Microbubble scrubber designed to kill biofilms on medical devices

21 September 2018 (Last Updated September 21st, 2018 12:17)

A research team led by the University of Illinois at Urbana-Champaign in the US has developed a microbubble scrubber that can destroy microbial films coating medical devices.

Microbubble scrubber designed to kill biofilms on medical devices
University of Illinois at Urbana-Champaign researchers. Credit: L. Brian Stauffer.

A research team led by the University of Illinois at Urbana-Champaign in the US has developed a microbubble scrubber that can destroy microbial films coating medical devices.

The new system uses bubbles to inject tiny particles through the surfaces of the films which then kills the microorganisms inside.

Hospital devices and implants inside patients are often permeated by biofilms, which are said to be the cause for 80% of medical infections.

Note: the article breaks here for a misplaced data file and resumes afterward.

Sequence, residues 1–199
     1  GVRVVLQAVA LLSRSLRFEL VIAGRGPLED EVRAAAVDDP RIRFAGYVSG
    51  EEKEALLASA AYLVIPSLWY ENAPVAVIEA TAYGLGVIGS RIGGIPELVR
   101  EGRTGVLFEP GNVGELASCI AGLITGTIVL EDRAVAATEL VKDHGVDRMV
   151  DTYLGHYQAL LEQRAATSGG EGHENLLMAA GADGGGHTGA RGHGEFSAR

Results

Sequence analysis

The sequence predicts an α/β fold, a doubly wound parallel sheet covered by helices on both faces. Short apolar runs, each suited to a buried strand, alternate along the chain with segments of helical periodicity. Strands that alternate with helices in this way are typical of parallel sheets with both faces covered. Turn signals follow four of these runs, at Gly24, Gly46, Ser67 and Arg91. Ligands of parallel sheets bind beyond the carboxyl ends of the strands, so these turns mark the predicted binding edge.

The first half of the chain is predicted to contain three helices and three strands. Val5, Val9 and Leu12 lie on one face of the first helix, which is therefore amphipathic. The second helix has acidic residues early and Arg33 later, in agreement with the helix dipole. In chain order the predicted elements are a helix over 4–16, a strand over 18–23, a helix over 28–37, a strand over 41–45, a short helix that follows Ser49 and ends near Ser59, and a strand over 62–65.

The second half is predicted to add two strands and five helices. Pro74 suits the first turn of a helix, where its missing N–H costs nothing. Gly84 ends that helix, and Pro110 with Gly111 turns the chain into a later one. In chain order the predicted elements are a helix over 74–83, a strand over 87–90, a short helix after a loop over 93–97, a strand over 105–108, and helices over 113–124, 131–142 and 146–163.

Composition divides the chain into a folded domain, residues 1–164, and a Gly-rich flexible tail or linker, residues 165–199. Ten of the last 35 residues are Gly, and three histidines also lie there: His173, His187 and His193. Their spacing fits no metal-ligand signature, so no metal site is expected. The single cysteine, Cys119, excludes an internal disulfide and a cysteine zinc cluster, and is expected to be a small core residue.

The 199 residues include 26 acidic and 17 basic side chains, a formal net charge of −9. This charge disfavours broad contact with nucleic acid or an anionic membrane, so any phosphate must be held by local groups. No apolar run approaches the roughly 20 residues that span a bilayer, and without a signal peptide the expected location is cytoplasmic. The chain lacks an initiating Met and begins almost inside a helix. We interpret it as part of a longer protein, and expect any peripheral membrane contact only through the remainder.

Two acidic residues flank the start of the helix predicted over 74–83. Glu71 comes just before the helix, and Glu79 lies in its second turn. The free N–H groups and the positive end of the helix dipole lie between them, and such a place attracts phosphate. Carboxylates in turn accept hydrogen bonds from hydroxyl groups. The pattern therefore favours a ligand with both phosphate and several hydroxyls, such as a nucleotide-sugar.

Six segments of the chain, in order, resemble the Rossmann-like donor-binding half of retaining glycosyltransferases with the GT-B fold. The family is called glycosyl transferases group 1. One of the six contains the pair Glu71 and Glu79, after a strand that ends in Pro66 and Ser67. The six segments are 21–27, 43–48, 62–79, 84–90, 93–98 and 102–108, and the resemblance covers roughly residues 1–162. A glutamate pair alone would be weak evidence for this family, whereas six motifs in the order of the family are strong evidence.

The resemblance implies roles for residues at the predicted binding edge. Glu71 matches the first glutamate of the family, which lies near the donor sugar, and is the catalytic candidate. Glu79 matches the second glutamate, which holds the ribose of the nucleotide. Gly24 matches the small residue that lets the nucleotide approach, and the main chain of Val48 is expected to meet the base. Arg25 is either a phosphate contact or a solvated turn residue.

"The new system uses bubbles to inject tiny particles through the surfaces of the films which then kills the microorganisms inside."

The researchers noted that such films are difficult to eliminate because standard disinfectants and antibiotics cannot effectively penetrate their tough surface.

To address this challenge, the team used algal diatoms incorporated with hydrogen peroxide and oxygen-generating sheets of manganese oxide.

University of Illinois at Urbana-Champaign postdoctoral researcher Yongbeom Seo said: “We could have fabricated a particle using 3D printers, but luckily nature already provided us with a cheap and abundant option in diatoms.

“The species of diatom we selected are hollow, highly porous and rod-shaped, providing a lot of surface area for the bubbles to form and a channel for the bubbles to escape.”

The hydrogen peroxide and manganese oxide nanosheets react within the diatom and generate microbubbles that propel the diatoms to break biofilm’s surface.

After entry into the internal structure of the biofilm, the diatoms continue to discharge bubbles and allow entry of hydrogen peroxide, an effective disinfectant against bacteria and fungus.

University of Illinois at Urbana-Champaign chemical and biomolecular engineering professor Simon Rogers said: “We have arrived at a mechanistic solution for this problem and the possibilities for this technology are endless.”

Currently, the researchers are exploring additional applications for the microbubble scrubber system.